Germany urges restraint in Venezuela
Germany has appealed to the Venezuelan government and opposition to act with restraint amid competing mass street protest in the country.“We call on all actors in Venezuela to show restrain and refrain from violence,” German Foreign Minister Heiko Maas said on Twitter.He said Berlin was consulting with other European Union member states to adopt a common European position with regards to recent developments.U.S. President Donald Trump announced Wednesday that Washington recognizes Venezuelan opposition leader Juan Guaido as the interim president.Venezuela’s President Nicolas Maduro has slammed the decision and said his country was cutting off diplomatic relations with the U.S., giving American diplomats 72 hours to leave the country.Maduro made the announcement while speaking to supporters who gathered in the Presidential Palace in the capital of Caracas.Mexico, Bolivia back Maduro as Venezuela PresidentErdoğan voices support for Venezuelan President Maduro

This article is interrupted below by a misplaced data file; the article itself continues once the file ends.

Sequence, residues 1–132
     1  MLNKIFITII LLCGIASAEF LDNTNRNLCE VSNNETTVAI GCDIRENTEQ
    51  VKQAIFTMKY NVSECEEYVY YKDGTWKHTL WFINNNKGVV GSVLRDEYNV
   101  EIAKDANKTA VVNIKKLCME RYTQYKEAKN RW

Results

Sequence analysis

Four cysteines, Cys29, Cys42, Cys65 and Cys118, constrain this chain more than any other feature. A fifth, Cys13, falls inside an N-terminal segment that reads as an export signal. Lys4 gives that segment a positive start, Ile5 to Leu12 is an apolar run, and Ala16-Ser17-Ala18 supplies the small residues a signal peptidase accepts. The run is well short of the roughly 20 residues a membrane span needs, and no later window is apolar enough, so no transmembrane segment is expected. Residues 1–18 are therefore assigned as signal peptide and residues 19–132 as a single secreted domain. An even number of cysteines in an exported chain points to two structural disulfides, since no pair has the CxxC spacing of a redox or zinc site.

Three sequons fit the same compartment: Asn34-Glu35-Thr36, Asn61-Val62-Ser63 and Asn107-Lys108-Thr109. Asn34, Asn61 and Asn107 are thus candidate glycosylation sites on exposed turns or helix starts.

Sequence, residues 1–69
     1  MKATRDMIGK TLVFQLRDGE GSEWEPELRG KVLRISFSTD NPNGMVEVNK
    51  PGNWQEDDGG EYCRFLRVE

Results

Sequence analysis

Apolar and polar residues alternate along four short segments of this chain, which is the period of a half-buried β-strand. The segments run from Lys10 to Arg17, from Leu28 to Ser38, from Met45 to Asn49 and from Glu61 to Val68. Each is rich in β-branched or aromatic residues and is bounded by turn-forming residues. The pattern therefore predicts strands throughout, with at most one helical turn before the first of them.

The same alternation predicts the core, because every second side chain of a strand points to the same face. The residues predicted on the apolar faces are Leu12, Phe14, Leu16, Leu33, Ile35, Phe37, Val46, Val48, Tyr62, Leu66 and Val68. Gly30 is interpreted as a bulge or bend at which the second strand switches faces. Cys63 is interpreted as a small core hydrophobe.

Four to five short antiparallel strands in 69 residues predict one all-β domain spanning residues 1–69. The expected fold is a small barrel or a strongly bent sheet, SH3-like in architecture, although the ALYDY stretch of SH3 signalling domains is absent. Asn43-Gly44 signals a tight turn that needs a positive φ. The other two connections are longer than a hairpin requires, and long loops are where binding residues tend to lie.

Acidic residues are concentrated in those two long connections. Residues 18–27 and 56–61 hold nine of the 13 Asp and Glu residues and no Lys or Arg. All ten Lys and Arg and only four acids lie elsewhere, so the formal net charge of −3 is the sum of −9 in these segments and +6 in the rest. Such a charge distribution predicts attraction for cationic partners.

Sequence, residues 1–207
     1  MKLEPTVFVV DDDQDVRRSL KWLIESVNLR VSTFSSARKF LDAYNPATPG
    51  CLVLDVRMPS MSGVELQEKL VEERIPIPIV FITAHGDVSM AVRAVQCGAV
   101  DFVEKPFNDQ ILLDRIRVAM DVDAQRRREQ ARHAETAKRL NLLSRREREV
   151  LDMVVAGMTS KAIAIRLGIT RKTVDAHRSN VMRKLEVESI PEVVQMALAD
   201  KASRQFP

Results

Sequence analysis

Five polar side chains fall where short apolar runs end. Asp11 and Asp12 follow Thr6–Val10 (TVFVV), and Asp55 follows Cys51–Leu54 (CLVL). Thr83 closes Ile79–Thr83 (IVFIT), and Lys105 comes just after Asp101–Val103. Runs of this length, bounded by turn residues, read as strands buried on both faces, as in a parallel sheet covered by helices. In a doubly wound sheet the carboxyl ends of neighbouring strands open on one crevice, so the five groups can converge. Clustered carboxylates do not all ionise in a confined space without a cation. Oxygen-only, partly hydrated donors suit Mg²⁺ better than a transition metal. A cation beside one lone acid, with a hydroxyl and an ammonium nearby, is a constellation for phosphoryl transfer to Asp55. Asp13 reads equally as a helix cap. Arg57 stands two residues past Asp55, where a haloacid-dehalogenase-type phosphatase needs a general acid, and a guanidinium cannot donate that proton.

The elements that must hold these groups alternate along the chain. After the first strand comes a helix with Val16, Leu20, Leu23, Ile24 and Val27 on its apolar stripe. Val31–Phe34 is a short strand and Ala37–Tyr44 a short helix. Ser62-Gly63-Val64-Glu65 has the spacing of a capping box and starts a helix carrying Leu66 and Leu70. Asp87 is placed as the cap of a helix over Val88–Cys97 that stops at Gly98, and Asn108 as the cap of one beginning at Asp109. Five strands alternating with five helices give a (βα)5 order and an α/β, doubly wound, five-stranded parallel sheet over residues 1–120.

Erdoğan voices support for Venezuelan President Maduro
Turkish President Recep Tayyip Erdoğan voiced solidarity with Venezuelan President Nicolas Maduro early Thursday after Washington recognized opposition-controlled National Assembly's President Juan Guaido as interim president.Erdoğan said: “Maduro brother, stand tall, Turkey stands with you, Erdoğan tells President Nicolas Maduro by telephone,” according to Turkish presidential spokesman Ibrahim Kalin's on Twitter.Kalin shared the #WeAreMADURO hashtag to show solidarity on Twitter.U.S. President Donald Trump announced Wednesday support for Guaido.Venezuela’s President Nicolas Maduro has slammed the decision and said his country was cutting off diplomatic relations with the U.S., giving American diplomats 72 hours to leave the country.Maduro made the announcement while speaking to supporters who gathered at the Presidential Palace in the capital of Caracas.